I've learned that with the -i option, I can get rsync to list all the changes it makes. I've been using it along with the -n or --dry-run options so that I can always learn about all expected changes prior to actually executing them.

I've been using rsync mainly to sync my home directories on my two computers, both of which are connected to a network. Often times I need to move just a small number of relatively small files. If this is the case, rsync spends more time going through all the files it's going to exclude from the transfer rather than actually transferring the actual changed files.

Now if I follow this procedure where I first do a dry run and list all the changes, and then actually proceed, the longest part of calculating the files that are to be excluded from the transfer gets done two times.

I'd like to cut it to just one. Is there a way to feed the itemized list of changes created by the dry run back to rsync so that the live run is faster or do something to that effect?

  • 2
    You may want to try out Unison which, if I understand correctly, will do this in one run. – N.N. Nov 29 '12 at 17:03
  • 1
    I second N.N.: this sounds like exactly what Unison was designed for. Only use rsync if you're always synchronizing in the same direction, otherwise you will lose work because one day you'll make a mistake deciding which way to synchronize. Unison figures this out automatically and tells you if (and only if) there is a conflict (different changes to the same file on the two computers). – Gilles 'SO- stop being evil' Nov 29 '12 at 23:03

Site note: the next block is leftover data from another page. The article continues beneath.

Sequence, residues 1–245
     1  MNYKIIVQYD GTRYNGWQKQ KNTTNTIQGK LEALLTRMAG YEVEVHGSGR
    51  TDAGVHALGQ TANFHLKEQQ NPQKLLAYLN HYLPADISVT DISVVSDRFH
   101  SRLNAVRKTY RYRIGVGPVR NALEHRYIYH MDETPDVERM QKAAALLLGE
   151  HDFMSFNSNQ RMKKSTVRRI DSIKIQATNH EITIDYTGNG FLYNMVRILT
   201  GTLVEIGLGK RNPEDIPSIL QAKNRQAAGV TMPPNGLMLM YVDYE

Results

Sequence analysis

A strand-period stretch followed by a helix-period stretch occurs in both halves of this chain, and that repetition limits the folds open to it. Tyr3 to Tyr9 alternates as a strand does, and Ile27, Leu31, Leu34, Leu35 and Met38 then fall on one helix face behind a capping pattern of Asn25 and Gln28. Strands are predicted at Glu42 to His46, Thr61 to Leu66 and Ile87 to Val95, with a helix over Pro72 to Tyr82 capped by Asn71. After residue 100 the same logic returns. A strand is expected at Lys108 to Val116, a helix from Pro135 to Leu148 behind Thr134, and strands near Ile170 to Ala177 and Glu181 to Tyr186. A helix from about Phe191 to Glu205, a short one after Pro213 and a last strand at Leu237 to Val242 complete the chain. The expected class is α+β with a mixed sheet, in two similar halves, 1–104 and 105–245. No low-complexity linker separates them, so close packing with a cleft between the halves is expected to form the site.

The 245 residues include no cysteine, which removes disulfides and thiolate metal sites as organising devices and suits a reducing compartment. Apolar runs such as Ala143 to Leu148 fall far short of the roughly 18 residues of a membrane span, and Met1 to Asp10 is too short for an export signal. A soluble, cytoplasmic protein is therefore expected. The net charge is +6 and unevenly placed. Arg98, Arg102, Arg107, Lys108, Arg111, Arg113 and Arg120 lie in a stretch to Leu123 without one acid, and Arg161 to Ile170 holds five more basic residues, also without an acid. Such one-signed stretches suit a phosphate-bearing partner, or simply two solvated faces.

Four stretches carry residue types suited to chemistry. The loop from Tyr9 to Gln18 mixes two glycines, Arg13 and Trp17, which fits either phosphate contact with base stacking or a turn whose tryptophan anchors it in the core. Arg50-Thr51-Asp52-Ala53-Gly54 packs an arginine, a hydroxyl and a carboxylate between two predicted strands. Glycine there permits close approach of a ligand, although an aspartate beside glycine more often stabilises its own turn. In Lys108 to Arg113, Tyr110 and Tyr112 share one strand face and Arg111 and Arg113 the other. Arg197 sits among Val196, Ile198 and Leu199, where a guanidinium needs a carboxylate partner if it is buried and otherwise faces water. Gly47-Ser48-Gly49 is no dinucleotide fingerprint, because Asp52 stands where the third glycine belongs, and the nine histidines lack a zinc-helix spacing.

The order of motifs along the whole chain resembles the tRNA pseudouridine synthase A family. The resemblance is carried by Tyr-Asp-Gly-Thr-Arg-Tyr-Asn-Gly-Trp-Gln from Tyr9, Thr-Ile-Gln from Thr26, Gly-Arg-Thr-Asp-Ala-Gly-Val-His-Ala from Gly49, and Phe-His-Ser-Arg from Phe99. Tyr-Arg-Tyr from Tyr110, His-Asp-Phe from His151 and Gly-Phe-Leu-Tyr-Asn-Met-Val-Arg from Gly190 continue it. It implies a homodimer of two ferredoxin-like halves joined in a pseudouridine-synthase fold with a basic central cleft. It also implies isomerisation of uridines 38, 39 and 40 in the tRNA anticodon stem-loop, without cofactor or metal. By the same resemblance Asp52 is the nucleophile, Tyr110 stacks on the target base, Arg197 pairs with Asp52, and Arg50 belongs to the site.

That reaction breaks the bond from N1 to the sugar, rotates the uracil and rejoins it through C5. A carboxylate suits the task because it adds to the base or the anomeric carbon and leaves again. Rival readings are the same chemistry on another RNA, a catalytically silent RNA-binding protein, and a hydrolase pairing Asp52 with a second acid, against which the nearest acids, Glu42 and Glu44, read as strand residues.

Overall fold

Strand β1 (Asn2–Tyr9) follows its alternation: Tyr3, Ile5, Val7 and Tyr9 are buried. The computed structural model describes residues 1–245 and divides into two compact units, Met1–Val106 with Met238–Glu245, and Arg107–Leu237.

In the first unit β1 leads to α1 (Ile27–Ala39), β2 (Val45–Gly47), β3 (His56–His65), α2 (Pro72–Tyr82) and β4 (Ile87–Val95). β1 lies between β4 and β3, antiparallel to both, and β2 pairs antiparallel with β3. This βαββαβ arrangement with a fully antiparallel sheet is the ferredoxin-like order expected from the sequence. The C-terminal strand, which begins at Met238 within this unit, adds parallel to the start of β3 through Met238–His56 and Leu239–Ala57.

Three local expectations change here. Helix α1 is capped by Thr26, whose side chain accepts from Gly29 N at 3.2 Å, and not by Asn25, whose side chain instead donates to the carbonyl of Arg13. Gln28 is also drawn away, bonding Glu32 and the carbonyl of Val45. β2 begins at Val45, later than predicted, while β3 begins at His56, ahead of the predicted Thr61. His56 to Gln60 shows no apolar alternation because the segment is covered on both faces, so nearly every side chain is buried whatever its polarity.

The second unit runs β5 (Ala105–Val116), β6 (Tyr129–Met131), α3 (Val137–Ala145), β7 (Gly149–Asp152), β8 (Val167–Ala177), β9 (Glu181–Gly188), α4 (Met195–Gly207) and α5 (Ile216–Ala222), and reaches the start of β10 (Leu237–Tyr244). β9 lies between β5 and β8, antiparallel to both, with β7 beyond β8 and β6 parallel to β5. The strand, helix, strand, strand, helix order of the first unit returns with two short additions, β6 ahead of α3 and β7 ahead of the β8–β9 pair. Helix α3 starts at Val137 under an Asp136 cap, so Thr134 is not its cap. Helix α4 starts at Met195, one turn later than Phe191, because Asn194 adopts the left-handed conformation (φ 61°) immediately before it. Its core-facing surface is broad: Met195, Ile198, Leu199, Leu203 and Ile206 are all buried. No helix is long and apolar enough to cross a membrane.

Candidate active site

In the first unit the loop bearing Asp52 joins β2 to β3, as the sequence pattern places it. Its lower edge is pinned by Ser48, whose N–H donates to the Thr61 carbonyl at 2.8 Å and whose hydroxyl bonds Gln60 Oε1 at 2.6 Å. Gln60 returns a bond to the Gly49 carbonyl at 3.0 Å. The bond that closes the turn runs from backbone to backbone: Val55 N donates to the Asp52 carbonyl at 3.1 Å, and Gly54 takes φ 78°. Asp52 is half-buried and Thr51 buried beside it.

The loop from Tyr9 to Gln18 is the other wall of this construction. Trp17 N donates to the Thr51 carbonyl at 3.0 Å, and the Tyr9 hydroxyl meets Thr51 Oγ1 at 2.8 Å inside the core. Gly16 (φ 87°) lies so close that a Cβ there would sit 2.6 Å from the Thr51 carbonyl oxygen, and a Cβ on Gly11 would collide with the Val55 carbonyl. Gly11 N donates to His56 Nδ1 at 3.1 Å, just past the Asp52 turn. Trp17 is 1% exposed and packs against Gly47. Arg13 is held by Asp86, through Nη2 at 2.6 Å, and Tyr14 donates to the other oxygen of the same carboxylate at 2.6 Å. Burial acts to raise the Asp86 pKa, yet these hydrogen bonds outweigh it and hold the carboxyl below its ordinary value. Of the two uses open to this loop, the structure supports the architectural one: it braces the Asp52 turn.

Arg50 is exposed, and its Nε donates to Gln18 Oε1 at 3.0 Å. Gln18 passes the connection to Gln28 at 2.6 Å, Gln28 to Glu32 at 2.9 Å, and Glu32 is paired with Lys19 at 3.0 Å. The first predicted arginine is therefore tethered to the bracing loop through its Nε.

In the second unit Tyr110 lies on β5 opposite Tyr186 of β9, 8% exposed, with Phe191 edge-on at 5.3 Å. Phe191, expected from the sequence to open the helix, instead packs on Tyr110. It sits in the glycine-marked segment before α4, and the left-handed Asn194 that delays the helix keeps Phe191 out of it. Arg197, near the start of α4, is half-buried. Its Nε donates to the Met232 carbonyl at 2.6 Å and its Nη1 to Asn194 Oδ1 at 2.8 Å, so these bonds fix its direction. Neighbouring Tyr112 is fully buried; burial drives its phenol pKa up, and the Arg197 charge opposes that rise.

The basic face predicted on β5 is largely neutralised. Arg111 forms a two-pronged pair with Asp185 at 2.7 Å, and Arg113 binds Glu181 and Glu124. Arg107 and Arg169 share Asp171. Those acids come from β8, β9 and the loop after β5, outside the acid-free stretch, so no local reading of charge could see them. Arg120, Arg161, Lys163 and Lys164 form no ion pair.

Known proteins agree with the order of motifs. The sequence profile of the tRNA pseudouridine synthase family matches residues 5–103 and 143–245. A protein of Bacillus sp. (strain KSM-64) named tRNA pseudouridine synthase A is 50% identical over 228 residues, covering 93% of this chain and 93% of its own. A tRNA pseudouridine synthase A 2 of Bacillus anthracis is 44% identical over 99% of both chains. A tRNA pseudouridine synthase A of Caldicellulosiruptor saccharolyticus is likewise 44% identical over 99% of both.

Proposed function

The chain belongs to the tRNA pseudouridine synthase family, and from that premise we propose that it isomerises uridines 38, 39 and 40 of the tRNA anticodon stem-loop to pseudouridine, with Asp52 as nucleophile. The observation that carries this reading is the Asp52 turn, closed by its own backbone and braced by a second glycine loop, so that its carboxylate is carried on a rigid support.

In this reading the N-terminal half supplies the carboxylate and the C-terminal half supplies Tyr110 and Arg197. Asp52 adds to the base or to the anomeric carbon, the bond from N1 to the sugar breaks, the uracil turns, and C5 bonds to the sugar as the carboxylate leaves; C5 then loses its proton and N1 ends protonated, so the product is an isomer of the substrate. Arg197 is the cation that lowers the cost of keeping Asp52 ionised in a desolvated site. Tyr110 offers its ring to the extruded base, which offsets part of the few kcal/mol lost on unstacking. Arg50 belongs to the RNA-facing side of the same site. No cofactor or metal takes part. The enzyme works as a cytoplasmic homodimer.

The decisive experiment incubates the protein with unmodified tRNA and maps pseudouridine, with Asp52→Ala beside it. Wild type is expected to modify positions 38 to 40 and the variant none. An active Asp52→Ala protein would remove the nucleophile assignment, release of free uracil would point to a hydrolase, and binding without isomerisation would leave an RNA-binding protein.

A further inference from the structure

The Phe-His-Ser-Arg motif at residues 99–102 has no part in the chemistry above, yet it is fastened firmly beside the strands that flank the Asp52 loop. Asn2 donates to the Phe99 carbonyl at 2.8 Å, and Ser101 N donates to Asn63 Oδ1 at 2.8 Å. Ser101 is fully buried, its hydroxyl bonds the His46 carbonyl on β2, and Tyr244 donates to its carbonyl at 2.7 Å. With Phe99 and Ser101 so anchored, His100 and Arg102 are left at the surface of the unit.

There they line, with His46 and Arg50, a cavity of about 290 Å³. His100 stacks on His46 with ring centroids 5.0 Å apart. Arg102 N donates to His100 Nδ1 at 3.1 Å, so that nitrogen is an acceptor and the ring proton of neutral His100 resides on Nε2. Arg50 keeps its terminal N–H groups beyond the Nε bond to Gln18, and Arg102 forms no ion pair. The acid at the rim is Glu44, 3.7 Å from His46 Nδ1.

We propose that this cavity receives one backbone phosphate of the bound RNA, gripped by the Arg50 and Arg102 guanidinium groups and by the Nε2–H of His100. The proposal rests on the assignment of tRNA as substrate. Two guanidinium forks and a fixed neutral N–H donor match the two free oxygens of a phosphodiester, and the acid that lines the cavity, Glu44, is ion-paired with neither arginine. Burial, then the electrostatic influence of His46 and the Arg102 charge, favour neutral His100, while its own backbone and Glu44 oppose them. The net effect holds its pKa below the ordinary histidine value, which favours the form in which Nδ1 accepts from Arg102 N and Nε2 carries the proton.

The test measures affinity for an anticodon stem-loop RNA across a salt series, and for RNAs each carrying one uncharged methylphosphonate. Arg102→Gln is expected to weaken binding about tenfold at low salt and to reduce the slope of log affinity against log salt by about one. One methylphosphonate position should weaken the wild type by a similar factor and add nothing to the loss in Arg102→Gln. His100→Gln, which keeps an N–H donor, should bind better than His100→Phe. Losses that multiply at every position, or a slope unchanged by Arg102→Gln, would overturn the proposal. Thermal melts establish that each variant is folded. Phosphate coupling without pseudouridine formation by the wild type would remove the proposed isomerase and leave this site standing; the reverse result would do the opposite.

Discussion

• 1
    Sounds like a use case of rdup or maybe even git-annex. – sr_ Nov 30 '12 at 9:13
  • Have you tried speeding up the rsync by using the -W flag? From man rsync: -W, --whole-file copy files whole (w/o delta-xfer algorithm) – laebshade Mar 30 '13 at 4:28

from the man page of rsync:

-F same as --filter='dir-merge /.rsync-filter' repeated: --filter='- .rsync-filter'

        --exclude=PATTERN       exclude files matching PATTERN
        --exclude-from=FILE     read exclude patterns from FILE
        --include=PATTERN       don't exclude files matching PATTERN
        --include-from=FILE     read include patterns from FILE
        --files-from=FILE       read list of source-file names from FILE

so run rsync -i first and output it to a file and use --files-from option or you can use find utility for finding the last modified file and then rsync them. see https://serverfault.com/questions/115945/synchronizing-very-large-folder-structures

  • look at csync2 and lsyncd if you want some more customization see axivo.com/community/threads/… – harish.venkat Nov 29 '12 at 17:20
  • Thanks. The problem with this approach is that the output of -i doesn't just list the files that are to be transferred/synched, it also lists deletions. If you're running with the backup and backup-dir options, those deletions change to mv's. I suppose I could grep out just actual transfers and then handle deletes separately... I was kind of hoping for a more elegant solution that wouldn't involve me having to write my own wrapper scripts. – PSkocik Nov 29 '12 at 17:58
  • you can use excludes with the “perishable” modifier.Recent versions of rsync allow filter rules to be flagged with a perishable modifier. The rsync man page describes this modifier as follows.A p indicates that a rule is perishable, meaning that it is ignored in directories that are being deleted. see blog.mudflatsoftware.com/blog/2012/10/31/… – harish.venkat Nov 29 '12 at 19:27

Your Answer

By clicking “Post Your Answer”, you agree to our terms of service, privacy policy and cookie policy

Not the answer you're looking for? Browse other questions tagged or ask your own question.